The oldest continuous culture in the world today

This week’s fortune was to take a tour with an Aboriginal guide, Ben, in the Botanic Gardens. He spoke sincerely and passionately about our obligation to care for the land “When we take care of the land, the land takes care of us.” He also spoke of his pride in being a voice of all that had been before him; strong, determined people, their connection to country, their successes and struggles. He wanted to honour them through sharing their stories in today’s world. For us to remember that they were here on this land too.
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Welcoming ceremony, giving permission and welcome to visitors to the land
That resonates completely with me. I feel that I too, am being a voice for the past. For me to appreciate, connect with and understand the land I am on, I need to go deeper. I need to know the geology that has shaped it, the ecosystems that have thrived and disappeared, the creatures that have and continue to slither and stroll across the land. And I need to hear the voices of the many people whose footsteps have crossed this earth for longer than I can appreciate. This is a living, changing land and all who have come before us can give us their perspective of the shape of the land in their window of time. By looking back we can see how far we have come.
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Imprints of time on the land

Yet this comes with a complexity for me that makes it difficult. I am not indigenous. Not for a moment do I wish to speak for indigenous people, or represent their culture through my own lens. But I acknowledge that Australia’s indigenous history has not been shared enough. We are still having trouble looking back and acknowledging many of the realities of colonisation. Much of our contact history is unspoken. Even more so, the speed at which many tribes were decimated and the remaining few rounded up and moved to vastly different places, means that their stories were fragmented and ceased to be shared as they once were.

So much indigenous knowledge has been fractured and lost. So many stories have been left unheard. I would like to share some of these stories on this blog where I can, because I want to acknowledge the many tens of thousands of years of indigenous presence on our land. I want to acknowledge indigenous people’s intimate spiritual connection with the land. I would like these stories to be heard today so we can all be awed by this complex, living culture that continues to be an important part of modern Australia.

 

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‘Bunjil’ the ancestral creator and spiritual leader of the Kulin people of Victoria, leading the ‘Moomba’ parade in 2018

Yes, many of these stories come from the mouths of white colonists, who are viewing indigenous culture through their own Euro-centric eyes. But for me, this is a chance to peep back into the window of time of the 1800’s, to see what the shape of the land and its people were like then. I hope the stories I share here take away the generalised history where all indigenous people are painted with the same brush. In these stories, we get to meet individual people, with a name and a personality. At times, we even get to hear spoken words from these people, so that their own, unique voices are heard again.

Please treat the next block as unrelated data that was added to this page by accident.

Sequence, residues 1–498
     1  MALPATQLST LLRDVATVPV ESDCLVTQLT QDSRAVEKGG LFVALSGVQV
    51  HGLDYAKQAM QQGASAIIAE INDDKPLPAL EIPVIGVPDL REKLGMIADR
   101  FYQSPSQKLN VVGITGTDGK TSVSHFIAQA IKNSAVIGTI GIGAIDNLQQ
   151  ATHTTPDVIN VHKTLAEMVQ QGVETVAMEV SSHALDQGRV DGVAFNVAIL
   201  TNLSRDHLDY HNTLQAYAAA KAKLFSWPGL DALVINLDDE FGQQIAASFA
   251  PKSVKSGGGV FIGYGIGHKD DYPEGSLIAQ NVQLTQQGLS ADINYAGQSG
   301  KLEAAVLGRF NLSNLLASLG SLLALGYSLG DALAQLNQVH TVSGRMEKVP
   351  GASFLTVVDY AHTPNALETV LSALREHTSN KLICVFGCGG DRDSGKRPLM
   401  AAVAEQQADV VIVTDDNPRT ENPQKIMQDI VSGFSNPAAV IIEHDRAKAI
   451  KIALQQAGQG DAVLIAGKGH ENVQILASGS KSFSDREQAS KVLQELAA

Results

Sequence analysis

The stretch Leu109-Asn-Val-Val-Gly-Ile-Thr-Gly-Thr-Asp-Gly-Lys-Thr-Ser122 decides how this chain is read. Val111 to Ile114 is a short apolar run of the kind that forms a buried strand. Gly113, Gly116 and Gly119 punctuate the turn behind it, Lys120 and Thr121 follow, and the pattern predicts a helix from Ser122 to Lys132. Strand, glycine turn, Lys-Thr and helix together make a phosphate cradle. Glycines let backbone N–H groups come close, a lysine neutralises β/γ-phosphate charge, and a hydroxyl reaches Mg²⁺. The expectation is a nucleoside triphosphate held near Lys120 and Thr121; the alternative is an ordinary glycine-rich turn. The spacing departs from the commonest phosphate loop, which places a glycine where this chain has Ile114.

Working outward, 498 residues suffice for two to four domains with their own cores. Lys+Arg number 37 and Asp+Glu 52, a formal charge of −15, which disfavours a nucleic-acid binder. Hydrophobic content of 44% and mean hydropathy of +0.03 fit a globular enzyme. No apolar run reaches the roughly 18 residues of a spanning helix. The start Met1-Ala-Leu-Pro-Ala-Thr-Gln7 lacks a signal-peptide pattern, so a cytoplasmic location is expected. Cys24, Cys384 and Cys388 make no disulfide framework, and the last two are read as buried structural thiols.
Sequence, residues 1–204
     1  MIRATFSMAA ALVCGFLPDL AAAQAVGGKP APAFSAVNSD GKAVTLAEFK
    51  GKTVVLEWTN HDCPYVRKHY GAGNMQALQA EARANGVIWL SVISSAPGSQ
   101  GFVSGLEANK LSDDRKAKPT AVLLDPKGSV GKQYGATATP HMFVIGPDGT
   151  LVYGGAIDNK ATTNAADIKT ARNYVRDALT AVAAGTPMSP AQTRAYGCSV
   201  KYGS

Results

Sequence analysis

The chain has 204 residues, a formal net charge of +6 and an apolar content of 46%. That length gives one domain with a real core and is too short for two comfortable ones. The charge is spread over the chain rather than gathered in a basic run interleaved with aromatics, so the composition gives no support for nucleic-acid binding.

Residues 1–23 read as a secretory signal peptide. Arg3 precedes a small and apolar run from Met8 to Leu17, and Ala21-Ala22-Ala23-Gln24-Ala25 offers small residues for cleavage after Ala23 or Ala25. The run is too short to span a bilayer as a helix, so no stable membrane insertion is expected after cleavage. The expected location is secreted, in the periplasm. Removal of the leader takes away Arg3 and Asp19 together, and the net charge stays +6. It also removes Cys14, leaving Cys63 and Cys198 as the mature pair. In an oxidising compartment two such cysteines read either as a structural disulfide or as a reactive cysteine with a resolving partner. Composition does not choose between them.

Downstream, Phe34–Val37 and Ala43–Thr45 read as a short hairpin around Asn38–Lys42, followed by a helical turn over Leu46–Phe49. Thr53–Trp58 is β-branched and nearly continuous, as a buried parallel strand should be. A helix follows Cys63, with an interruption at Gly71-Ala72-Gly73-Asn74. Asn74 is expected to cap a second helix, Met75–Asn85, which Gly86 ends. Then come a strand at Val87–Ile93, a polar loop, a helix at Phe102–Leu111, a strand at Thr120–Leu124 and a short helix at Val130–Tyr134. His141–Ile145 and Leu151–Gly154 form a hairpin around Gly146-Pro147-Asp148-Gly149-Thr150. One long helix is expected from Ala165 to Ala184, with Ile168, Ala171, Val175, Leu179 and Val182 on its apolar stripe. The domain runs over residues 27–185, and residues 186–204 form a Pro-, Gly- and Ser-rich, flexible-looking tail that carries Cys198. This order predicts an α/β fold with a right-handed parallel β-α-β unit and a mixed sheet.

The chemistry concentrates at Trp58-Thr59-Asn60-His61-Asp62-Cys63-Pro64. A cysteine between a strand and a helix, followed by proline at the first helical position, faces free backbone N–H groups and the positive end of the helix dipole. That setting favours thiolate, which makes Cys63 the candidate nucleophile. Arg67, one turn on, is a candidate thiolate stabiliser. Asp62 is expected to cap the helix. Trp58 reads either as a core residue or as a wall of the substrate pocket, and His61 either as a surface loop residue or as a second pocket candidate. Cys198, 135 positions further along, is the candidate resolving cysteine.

St Helena Island’s history coincides with the late colonial era of settlement in Moreton Bay. Through the earliest part of the island’s history, I’ll explore Colonial society and its attitudes, whether that be fascinating or uncomfortable. I’ll not hint as to whether something is ‘good’ or ‘bad,’ as it is in the complexity of these times that we see life in its raw state. And I’ll continue to explore the life story of many individuals at this time in order to move away from sweeping generalisations and unearth how colonial attitudes and thinking touched everyday citizens in their daily lives.

I might finish with another of St Helena Warder James Aird’s diary stories – as a follow up to ‘Book of Past Scenes and my own experience among Blacks My life in the Wild bush of Australia.’ I’ll give you the full story tomorrow, but for now please meet an Aboriginal man that James Aird calls “Captain Gainey” from Stradbroke Island, and let this story conjure him up in your mind as he sails the seas of Moreton Bay…

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Moreton Bay. Image by Amanda Thepanda

“The boat that went to the island returned with a fresh pilot. He is captain of a tribe at this side of the Bay. His name is Captain Gainey. So the captain comes on board. He walks aft, shakes hands with Governor and other gentlemen; is taken to dinner. The captain’s clothes is nearly worn out. He is bare footed, bare headed, old pants on, one old long tailed coat. So after dinner, the captain mounts the bridge, points the channel to steam by. The steamer by this is nearly afloat. Gainey is making signs and giving orders. It comes on to blow hard. 

We are sailing and steaming fast and rolling much, Captain Gainey on the bridge. He sees a very bright star falling from the heavens and sings out loud to me who was standing by him something that I could not understand, and points direct to it. Then, as it disappears, he sings a little verse, very mournful, like praise. Another steamer comes to meet us and see us over the bar as there is plenty of sea on tonight. Gets up the Brisbane River late.  I seen Gainey next day in town with a long Bell Topper on and other clothes.”

2 thoughts on “The oldest continuous culture in the world today

  1. Hi Belinda, well even though we have a long way to go, some progress has been made: I don’t remember any mention of the traditional owners of Melbourne when I was growing up there in the 1970’s. Let alone in the Moomba Parade! I look forward to more stories 🙂. Cheers, Paula

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